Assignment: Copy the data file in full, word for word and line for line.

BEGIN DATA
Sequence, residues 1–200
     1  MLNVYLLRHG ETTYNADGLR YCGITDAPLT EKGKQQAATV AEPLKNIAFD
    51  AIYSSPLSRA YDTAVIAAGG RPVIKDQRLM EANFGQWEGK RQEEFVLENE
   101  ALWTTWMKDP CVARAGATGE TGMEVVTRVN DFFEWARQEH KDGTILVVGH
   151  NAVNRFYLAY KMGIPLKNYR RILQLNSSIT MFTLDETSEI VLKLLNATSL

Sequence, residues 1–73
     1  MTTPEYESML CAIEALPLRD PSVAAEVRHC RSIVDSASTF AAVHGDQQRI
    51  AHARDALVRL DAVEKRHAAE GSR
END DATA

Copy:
Sequence, residues 1–200
     1  MLNVYLLRHG ETTYNADGLR YCGITDAPLT EKGKQQAATV AEPLKNIAFD
    51  AIYSSPLSRA YDTAVIAAGG RPVIKDQRLM EANFGQWEGK RQEEFVLENE
   101  ALWTTWMKDP CVARAGATGE TGMEVVTRVN DFFEWARQEH KDGTILVVGH
   151  NAVNRFYLAY KMGIPLKNYR RILQLNSSIT MFTLDETSEI VLKLLNATSL

Sequence, residues 1–73
     1  MTTPEYESML CAIEALPLRD PSVAAEVRHC RSIVDSASTF AAVHGDQQRI
    51  AHARDALVRL DAVEKRHAAE GSR